Health

Cataract blindness hits women more than men in India

Women are 69% more likely to develop cataract — clouding of the normally clear lens of the eye — than men

 
By DTE Staff
Last Updated: Thursday 18 July 2019
An eye camp in Nuapada, Orissa. Photo: Wikimedia Commons
An eye camp in Nuapada, Orissa. Photo: Wikimedia Commons An eye camp in Nuapada, Orissa. Photo: Wikimedia Commons

Indian women are 35 per cent more likely to be blind than men, owing to gender disparity and a few plausible biological factors, according to a study.

Women's chances of develop cataract — clouding of the normally clear lens of the eye — are 69 per cent more than their male counterparts, revealed the study published in British Journal of Ophthalmology and released on July 16, 2019.

For the research, a team of doctors at All India Institute of Medical Sciences in New Delhi analysed 22 studies on blindness and accessibility of cataract surgical coverage (CSC) — an indicator to measure the impact of cataract intervention programmes.

Gender plays a major role in blindness (35 per cent) and cataract blindness (33 per cent), showed the data.

While this could be, in part, attributed to longer life expectancy among the fairer sex, low access to CSCs hold the key reason, Sumit Malhotra, Department of Community Medicine of AIIMS, told Down To Earth.

“Cataract happens due to wear and tear of the eye lenses. More the age, more the wear and tear,” he added.

“Only 27 per cent of women are likely to get a surgery as compared to men. The lower coverage of CSC among women is, according to us, a major contributory factor,” Malhotra said.

A similar trend was observed even in Pakistan and Nigeria, according to Malhotra.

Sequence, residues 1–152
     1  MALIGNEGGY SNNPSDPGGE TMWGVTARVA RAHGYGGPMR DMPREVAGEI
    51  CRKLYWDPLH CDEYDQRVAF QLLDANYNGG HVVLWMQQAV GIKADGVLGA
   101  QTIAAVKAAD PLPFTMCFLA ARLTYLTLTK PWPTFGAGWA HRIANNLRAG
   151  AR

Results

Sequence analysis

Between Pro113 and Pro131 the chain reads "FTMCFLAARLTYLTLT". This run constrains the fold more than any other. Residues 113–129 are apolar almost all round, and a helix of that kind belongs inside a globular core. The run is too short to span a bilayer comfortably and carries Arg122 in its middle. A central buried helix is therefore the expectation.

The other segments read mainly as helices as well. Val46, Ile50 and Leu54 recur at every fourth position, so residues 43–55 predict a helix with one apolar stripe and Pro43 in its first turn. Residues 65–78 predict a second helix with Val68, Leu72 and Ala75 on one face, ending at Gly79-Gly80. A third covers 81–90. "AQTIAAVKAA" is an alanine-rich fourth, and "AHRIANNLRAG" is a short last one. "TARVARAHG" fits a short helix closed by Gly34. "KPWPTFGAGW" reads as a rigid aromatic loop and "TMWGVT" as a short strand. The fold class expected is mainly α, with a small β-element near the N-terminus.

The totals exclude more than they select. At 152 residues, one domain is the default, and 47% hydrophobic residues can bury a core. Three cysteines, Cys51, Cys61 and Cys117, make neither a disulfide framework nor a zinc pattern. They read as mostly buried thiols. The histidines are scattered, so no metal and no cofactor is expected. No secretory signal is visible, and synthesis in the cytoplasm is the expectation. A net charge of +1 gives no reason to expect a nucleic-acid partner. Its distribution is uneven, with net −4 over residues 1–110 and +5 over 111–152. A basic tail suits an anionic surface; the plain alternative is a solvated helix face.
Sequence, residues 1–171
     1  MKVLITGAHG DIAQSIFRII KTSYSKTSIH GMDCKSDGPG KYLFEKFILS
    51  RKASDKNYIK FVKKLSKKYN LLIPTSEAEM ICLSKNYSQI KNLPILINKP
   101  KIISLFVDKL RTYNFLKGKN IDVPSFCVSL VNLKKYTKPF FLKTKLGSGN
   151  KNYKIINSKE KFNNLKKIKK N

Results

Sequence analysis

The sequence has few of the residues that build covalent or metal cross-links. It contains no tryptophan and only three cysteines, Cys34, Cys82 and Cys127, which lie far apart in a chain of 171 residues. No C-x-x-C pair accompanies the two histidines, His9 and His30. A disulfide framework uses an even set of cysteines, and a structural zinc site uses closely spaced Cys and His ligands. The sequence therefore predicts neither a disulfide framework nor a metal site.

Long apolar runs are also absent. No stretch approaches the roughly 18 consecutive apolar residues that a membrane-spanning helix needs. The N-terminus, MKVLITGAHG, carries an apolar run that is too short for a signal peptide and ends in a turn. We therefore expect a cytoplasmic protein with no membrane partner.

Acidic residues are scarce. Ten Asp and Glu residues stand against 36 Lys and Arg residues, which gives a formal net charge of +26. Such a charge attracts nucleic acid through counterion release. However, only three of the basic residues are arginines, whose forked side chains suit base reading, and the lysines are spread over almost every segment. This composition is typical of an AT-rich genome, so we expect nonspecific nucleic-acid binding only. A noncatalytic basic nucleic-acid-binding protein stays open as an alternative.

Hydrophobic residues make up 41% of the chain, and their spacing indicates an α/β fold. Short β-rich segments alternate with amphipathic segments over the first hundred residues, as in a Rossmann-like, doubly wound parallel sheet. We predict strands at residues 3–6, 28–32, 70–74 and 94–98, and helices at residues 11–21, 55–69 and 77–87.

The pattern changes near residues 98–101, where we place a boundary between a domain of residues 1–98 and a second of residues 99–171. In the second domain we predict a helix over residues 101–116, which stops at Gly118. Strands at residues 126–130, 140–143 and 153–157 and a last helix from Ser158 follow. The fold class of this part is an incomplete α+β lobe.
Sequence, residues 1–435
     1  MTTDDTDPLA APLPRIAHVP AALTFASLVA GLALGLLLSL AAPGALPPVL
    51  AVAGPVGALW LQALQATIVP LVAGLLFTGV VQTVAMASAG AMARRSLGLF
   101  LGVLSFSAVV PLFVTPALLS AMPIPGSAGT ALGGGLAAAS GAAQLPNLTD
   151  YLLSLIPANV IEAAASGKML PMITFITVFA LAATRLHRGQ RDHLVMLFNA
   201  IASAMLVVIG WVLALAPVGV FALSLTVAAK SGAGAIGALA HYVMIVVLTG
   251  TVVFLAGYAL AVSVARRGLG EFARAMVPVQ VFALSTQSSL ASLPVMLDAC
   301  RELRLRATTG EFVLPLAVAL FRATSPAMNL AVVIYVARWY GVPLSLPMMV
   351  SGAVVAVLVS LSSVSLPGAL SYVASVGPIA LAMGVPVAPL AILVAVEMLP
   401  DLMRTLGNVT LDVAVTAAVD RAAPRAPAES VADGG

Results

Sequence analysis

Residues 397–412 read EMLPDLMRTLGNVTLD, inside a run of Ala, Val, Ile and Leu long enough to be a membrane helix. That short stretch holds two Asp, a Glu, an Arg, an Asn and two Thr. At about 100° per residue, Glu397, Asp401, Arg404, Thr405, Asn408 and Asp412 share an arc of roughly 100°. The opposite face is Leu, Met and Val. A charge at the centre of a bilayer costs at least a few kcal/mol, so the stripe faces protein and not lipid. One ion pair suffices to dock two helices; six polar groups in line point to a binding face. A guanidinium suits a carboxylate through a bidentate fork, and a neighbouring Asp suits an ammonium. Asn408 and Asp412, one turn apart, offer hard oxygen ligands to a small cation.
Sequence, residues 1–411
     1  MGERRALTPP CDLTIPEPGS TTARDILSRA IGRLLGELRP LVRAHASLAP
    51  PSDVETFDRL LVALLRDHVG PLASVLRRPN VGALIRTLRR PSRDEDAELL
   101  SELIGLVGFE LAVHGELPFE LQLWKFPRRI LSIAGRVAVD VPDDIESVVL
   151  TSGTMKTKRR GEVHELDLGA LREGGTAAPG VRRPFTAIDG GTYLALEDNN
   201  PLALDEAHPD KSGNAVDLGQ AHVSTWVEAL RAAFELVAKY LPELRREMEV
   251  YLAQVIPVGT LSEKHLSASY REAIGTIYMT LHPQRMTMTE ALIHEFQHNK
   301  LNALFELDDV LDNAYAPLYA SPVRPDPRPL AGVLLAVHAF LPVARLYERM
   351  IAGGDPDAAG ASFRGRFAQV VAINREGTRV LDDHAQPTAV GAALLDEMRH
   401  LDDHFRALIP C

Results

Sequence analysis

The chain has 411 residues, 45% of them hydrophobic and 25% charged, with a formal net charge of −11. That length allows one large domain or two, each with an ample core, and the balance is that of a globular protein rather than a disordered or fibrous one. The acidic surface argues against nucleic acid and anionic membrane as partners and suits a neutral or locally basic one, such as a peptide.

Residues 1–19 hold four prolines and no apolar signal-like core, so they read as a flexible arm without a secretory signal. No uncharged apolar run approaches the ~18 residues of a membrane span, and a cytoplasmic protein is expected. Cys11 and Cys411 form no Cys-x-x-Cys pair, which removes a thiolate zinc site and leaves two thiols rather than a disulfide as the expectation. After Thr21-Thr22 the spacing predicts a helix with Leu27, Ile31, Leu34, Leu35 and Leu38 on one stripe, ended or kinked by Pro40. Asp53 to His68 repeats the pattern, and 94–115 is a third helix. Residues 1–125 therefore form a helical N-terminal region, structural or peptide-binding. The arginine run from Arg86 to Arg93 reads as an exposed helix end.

The National Blindness Control Programme (NBCP), launched by the health ministry in the 1970s, has worked to reduce the overall blindness in the country, but major gaps still remain in the implementation.

“We have seen that the programme has catered to more men than women,” Malhotra said.

Women traditionally had poor access to the coverage of services, possibly because cataract surgery requires travelling outside the village, something they are less likely to do because of their families.

Further, surgery was considered more significant for men than women, as they are the earning members in the family, the study found.

On the other hand, the condition of women was much better in places where cataract screening and surgery was done at village level, Malhotra said.

“This clearly reveals that if ophthalmic care is taken to primary health centres, which does not require much paraphernalia, can give substantial results,” he added.

Besides these socio-economic factors, lack of oestrogen could also explain the high prevalence of cataract blindness among women.

“We have not mentioned this in our paper but post menopause, the level of oestrogen decreases, which may be a reason. But there is limited evidence to suggest the role of oestrogen in preventing cataract,” Malhotra said.

Lacks of awareness combined with myths associated with cataract in villages also contribute to the risk.

For example, some people believe that they should not get a surgery done till the cataract matures. Such myths, according to doctors, affect women more than men. 

There is a need to increase the IEC (information, education and communication) activities in such areas, Malhotra suggested.

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